My Moto 360 Sport survived a Spartan Race

Why can’t apps just die?

How context aware services are replacing apps on connected things.

Ubiquitous computing for health and fitness [Part 2/2]

75% of American smartphone owners download at least 1 app/month

In the first part of this two part post, I reviewed my experience with the Moto 360 Smartwatch during an obstacle course race. In this break, I’ll take that further with an opinionated take on where smartwatches, and the concept of ubiquitous computing as it pertains to health and fitness, is going.

As you know by now, the main difference between the Moto 360 sport and its 1st gen counterpart is the built in GPS and Offline capabilities. This means, I can go on a run, without a phone, and still track my run, listen to music and get stats afterwards. I hate running with a phone and realizing the freedom of enjoying music and tracking fitness while untethered is life changing.

I choose to workout with my own app, LynxFit, but when I run I choose Strava for running. Strava has an impressive Android Wear app and they adopt awesome features like activity recognition. When I start running the timer and recording starts. When I stop Strava, knows to pause my activity for me. This makes running so much more seamless because

technology and screen interaction just stays out of the way during activities.

Today, for me, running seems futuristic. I don’t need to interact with an app, the my phone gathers sensor data and uses context to provide useful semantic information based on my kinesthetic activities. It’s like I’m in the future, I pair my Bluetooth headphones with the watch, tap start and go; no cords, no phone, just sweat and pain.

Strava Offline Mode on Google Glass
I really believe context will eat apps, so let’s start leaving the apps behind

On phones, apps will die as well eventually, but in the immediate future, connected things like smart watches, cars, and home and enterprise connected things won’t need apps, unless for setup, management and unique, non-repetitive use cases.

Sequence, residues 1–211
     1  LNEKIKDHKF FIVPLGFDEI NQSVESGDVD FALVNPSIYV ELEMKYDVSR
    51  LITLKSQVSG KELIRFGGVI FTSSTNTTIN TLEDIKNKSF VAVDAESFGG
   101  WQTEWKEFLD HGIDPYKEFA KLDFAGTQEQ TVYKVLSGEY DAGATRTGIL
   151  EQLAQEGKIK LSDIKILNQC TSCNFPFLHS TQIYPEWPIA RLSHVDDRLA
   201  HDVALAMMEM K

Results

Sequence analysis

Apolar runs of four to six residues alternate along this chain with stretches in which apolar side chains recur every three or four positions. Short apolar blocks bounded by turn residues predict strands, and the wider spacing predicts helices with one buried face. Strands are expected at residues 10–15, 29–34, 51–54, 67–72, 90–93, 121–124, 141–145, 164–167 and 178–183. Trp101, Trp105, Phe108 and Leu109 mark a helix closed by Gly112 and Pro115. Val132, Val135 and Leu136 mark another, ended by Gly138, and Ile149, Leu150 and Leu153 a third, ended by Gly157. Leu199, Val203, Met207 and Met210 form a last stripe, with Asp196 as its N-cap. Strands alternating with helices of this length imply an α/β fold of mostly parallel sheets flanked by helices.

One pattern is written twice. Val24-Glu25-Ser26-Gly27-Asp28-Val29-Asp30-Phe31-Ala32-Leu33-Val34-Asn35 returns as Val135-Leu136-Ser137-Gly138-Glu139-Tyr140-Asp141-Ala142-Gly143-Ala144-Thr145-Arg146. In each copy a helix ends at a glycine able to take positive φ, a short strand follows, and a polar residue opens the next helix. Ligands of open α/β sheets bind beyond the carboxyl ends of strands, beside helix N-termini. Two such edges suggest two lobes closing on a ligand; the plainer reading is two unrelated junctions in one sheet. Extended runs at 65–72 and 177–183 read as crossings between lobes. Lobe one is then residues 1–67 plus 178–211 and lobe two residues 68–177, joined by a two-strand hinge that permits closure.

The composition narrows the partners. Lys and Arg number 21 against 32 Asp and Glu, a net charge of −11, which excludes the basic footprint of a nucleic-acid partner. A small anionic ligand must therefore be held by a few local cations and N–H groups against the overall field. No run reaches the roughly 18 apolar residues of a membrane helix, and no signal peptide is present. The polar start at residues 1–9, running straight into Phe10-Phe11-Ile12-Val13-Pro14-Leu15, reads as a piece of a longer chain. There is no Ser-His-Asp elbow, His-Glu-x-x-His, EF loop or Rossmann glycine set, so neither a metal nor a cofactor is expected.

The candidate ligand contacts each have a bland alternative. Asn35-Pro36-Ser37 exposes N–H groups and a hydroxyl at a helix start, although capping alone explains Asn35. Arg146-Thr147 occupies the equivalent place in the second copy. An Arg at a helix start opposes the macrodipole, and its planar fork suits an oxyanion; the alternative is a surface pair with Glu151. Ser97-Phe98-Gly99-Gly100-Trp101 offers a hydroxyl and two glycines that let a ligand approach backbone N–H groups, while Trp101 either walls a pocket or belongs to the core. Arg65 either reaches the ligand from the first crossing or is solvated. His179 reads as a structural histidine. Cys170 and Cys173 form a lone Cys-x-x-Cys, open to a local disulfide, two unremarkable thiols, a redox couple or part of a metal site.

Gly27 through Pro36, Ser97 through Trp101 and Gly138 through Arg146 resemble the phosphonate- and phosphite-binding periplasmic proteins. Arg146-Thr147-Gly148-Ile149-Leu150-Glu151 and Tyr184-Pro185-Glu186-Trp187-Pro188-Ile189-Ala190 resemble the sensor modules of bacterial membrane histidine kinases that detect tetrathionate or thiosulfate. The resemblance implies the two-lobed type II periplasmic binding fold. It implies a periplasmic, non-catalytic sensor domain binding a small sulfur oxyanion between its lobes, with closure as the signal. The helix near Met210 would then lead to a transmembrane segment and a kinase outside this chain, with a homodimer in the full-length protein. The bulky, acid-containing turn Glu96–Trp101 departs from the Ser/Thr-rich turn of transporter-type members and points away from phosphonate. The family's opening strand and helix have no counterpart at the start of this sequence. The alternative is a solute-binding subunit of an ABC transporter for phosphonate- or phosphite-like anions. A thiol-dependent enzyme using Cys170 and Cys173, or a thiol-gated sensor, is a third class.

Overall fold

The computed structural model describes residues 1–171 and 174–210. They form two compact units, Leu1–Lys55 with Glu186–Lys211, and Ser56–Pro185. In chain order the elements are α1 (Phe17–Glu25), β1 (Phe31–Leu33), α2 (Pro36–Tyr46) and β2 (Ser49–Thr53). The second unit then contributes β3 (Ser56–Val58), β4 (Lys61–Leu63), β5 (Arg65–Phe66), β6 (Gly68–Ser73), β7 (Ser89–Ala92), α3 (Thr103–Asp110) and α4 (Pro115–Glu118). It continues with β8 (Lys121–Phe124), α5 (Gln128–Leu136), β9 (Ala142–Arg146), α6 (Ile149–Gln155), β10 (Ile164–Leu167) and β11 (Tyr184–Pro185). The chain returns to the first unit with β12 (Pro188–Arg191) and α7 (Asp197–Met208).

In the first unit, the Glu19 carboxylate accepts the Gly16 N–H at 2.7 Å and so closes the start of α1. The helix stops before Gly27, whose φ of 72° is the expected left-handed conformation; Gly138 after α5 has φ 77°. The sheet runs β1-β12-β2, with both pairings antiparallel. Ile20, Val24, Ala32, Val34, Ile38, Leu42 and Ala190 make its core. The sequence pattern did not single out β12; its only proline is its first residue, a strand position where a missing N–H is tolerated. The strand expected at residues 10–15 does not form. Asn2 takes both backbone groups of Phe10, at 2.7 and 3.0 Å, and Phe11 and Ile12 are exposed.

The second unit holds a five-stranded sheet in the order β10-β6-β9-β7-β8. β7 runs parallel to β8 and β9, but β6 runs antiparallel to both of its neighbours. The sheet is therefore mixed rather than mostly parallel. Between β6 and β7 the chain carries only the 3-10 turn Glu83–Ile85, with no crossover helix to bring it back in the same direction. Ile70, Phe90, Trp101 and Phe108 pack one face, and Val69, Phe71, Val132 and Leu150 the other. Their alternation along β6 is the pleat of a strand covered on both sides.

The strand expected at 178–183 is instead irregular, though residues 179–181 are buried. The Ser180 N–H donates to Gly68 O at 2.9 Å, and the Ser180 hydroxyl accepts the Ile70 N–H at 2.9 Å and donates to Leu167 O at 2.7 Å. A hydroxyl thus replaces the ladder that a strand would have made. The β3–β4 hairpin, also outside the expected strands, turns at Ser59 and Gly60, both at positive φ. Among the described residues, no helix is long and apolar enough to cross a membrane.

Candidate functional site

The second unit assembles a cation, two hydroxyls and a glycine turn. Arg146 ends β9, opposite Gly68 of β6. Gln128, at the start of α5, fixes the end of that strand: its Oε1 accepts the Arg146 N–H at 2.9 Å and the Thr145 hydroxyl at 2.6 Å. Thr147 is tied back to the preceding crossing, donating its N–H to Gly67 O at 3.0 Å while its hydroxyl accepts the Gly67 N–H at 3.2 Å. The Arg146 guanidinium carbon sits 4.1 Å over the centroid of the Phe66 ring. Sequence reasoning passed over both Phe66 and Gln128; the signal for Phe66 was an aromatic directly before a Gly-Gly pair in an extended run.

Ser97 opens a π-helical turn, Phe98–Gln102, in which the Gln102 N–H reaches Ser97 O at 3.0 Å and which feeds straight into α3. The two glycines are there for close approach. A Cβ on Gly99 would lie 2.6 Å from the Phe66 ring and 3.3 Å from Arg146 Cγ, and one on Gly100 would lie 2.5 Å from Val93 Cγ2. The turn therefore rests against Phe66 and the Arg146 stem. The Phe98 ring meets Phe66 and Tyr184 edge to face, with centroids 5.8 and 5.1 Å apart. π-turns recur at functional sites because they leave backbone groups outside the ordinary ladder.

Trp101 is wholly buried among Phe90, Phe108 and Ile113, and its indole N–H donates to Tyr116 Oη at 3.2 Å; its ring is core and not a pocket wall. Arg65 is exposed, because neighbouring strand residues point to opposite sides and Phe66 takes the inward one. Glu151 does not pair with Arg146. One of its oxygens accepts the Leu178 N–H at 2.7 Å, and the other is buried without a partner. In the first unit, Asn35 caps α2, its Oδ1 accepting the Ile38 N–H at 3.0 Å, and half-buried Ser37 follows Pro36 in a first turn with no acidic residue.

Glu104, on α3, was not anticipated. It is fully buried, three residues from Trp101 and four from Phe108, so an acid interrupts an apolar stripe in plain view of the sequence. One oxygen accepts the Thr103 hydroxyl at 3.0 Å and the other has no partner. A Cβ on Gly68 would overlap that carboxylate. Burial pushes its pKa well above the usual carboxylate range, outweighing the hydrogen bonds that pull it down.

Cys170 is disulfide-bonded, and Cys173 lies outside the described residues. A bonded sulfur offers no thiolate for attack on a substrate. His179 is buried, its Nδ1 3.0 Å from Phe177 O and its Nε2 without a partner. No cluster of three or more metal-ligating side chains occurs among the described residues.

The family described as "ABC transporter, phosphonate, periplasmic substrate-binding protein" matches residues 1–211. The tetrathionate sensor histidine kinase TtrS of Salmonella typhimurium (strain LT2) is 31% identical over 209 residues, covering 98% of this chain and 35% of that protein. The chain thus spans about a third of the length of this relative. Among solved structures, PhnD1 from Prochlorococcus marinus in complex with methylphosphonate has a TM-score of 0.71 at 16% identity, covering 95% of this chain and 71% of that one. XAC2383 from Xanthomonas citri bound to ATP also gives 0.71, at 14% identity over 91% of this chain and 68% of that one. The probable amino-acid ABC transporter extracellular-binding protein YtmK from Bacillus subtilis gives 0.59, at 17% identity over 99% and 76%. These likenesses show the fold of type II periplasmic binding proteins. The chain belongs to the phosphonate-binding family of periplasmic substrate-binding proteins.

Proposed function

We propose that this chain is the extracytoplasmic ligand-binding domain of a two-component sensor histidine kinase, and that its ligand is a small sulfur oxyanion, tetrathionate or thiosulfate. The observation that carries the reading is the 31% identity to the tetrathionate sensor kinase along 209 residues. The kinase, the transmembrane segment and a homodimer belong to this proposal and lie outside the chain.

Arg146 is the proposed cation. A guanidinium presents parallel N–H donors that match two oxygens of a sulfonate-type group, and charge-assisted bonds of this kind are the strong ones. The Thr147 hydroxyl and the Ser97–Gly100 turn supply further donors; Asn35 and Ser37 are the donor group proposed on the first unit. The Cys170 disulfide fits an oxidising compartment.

Virtual assistants, the ‘un-app’ applications

Currently, the ‘not-quite baked’ feature in Android Wear is full Google Now voice action integration. When paired with an Android phone, the full power of Google Now voice actions means, I can have full control through voice search activities. With voice actions, I can pause, play skip tracks on a song as well as a host of other actions just by speaking a command when enabled on Google’s AI powered personal assistant, Google Now. This is not quite live at this moment for wearables but I’m quite hopeful Android 2.0 introduces more Google Now voice functionality.

As “personal assistants” like Alexa, Cortana or Google Assistant get smarter and more matured, functionality will permeate into physical hardware. Coupled with technology like Google’s Fence API, launching an app, and manually managing its state will be a thing of the past. Fence extends the concept of geofencing to cover where you are, what you are doing, device-specific information and surrounding sensor conditions, to provide context and assistive actions to the user, normally hands free.

We see this now in software, where Google leverages its massive traffic dataset to advise leave 15 minutes earlier to make it to your destination. Imagine this norm, applied to hardware. You can have a smart home truly connect to you; a home that knows to dim and change the hue of lights upstairs to warm colors, because it knows you were in an office all day, and those blue wavelengths from the florescent lights sucked away all the melatonin you need to sleep.

This, is all part of what Google is calling the Awareness API, and I encourage you guys to check it out.

Today, most Android Wear applications outside of health, are simply repurposed phone apps. The apps available today don’t leverage context all too well, they aren’t built from the ground up for the “connected thing” medium. But there is promise, from Apple to Amazon, Microsoft to Google, and maybe, some startup you’ve never heard of.

I am personally longing for the day the touchscreen takes a backseat to the wiser sensors and things around me. Let’s get rid of apps and replace them with contextual triggers.